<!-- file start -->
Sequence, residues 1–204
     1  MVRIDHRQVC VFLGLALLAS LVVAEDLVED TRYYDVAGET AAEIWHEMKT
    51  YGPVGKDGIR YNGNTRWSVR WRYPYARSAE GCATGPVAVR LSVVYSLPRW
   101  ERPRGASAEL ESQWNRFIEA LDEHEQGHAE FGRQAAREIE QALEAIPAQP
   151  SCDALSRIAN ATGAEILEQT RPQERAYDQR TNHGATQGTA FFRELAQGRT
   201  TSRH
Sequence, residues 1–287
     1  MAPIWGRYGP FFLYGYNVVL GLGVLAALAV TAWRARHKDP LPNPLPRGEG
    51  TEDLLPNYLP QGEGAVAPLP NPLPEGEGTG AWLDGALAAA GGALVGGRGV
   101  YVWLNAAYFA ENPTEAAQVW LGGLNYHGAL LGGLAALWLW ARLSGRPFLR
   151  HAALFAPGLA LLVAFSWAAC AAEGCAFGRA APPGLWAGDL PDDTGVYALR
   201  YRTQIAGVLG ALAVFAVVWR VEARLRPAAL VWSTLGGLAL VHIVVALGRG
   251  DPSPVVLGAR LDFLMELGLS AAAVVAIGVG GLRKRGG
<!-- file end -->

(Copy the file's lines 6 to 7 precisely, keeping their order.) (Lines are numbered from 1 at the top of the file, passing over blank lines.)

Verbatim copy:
   201  TSRH
Sequence, residues 1–287